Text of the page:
Intelligent people get their COVID-19 vaccines much faster, suggests a study of more than 750,000 people in Sweden published in the Journal of Health Economics.
Uppsala University researchers assessed the relationship between cognitive ability and prompt COVID-19 vaccination among 750,000 men and 3,000 women who registered for military service in Sweden from 1979 to 1997. The team used intelligence-test data from the Swedish Military Archives.
In Uppsala, after priority groups received their COVID-19 vaccinations, the government made vaccination appointments for all residents aged 50 to 59 years.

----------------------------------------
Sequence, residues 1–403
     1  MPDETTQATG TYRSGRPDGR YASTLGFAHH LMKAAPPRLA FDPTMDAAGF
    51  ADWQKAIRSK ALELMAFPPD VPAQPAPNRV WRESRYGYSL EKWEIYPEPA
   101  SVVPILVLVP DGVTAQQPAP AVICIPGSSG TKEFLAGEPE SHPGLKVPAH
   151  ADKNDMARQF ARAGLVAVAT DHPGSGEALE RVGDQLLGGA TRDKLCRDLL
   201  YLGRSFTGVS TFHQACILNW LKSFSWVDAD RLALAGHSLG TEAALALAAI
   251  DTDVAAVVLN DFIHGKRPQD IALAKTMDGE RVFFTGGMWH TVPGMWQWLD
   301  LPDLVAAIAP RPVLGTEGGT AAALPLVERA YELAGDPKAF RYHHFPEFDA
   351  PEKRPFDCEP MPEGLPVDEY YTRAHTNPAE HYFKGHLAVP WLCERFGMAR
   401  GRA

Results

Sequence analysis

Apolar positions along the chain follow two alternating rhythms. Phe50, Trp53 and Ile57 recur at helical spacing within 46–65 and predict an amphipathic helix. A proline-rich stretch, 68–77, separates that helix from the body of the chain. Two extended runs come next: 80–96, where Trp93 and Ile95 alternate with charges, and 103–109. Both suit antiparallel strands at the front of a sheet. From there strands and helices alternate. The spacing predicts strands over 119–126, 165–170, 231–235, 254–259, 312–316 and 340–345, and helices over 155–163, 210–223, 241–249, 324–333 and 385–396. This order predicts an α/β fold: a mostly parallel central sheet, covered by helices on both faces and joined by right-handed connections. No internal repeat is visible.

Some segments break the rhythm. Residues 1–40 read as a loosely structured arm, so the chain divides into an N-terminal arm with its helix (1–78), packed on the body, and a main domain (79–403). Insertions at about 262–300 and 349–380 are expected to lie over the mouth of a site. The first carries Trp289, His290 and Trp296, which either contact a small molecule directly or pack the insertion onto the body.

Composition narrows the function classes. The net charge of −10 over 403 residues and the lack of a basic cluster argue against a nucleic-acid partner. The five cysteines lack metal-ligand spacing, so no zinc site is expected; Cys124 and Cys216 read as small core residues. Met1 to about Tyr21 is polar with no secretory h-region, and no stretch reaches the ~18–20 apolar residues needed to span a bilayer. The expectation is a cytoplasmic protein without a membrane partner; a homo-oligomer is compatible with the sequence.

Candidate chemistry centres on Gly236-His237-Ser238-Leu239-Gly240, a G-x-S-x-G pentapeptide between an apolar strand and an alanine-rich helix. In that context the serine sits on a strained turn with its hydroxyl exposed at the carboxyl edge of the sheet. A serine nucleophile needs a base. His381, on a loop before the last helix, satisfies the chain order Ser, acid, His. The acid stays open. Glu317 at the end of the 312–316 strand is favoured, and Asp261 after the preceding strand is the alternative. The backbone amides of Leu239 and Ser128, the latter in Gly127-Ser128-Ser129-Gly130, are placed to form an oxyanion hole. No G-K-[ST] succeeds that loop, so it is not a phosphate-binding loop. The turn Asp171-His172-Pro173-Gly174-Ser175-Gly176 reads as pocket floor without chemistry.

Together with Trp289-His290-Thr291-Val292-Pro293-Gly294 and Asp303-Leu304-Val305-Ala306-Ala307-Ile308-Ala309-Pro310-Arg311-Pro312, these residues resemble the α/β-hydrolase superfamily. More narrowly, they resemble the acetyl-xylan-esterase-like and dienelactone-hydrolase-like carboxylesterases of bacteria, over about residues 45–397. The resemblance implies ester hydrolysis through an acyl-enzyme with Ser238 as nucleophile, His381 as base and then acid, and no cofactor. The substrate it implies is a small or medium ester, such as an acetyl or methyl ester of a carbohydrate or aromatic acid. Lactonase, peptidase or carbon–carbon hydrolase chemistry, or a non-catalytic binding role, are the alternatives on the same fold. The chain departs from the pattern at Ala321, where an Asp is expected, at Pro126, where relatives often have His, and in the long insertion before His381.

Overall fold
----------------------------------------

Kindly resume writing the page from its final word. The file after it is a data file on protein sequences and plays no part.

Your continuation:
"Most Western countries wanted their populations to be vaccinated as soon as possible," coauthor Oscar Erixon, PhD, said in an Uppsala University news release. "We wanted to investigate whether there was a link to cognitive ability or whether other factors caused the differences and led to people hesitating to get vaccinated."
140-day difference between groups
A total of 80% of the most intelligent people were vaccinated within 40 days of vaccine availability, while it took 180 days for those with the lowest cognitive ability to reach that level. The results, the researchers said, suggest that the complexity of the vaccination decision may make it difficult for people with lower cognitive abilities to understand the benefits of vaccination.
"If we are to have equal care for all, we need to take into account the different ways people absorb information," lead author Mikael Elinder, PhD, said in the release.